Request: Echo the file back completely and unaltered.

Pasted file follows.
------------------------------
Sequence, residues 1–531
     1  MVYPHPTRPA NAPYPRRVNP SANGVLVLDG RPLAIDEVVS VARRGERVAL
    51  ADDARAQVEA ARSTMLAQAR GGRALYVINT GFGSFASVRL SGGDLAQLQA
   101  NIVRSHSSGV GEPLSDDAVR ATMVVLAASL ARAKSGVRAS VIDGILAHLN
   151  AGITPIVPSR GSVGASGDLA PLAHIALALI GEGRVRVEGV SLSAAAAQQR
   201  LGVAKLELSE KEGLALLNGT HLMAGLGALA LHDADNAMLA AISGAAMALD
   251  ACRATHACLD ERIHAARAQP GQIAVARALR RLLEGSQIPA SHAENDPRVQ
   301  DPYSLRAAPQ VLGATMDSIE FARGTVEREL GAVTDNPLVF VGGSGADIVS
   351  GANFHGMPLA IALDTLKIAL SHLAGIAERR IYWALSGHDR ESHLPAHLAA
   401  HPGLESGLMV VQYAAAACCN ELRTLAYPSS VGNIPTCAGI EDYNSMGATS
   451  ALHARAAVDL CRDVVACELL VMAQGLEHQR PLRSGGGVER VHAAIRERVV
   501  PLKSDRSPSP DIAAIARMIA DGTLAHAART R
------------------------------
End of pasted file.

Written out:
Sequence, residues 1–531
     1  MVYPHPTRPA NAPYPRRVNP SANGVLVLDG RPLAIDEVVS VARRGERVAL
    51  ADDARAQVEA ARSTMLAQAR GGRALYVINT GFGSFASVRL SGGDLAQLQA
   101  NIVRSHSSGV GEPLSDDAVR ATMVVLAASL ARAKSGVRAS VIDGILAHLN
   151  AGITPIVPSR GSVGASGDLA PLAHIALALI GEGRVRVEGV SLSAAAAQQR
   201  LGVAKLELSE KEGLALLNGT HLMAGLGALA LHDADNAMLA AISGAAMALD
   251  ACRATHACLD ERIHAARAQP GQIAVARALR RLLEGSQIPA SHAENDPRVQ
   301  DPYSLRAAPQ VLGATMDSIE FARGTVEREL GAVTDNPLVF VGGSGADIVS
   351  GANFHGMPLA IALDTLKIAL SHLAGIAERR IYWALSGHDR ESHLPAHLAA
   401  HPGLESGLMV VQYAAAACCN ELRTLAYPSS VGNIPTCAGI EDYNSMGATS
   451  ALHARAAVDL CRDVVACELL VMAQGLEHQR PLRSGGGVER VHAAIRERVV
   501  PLKSDRSPSP DIAAIARMIA DGTLAHAART R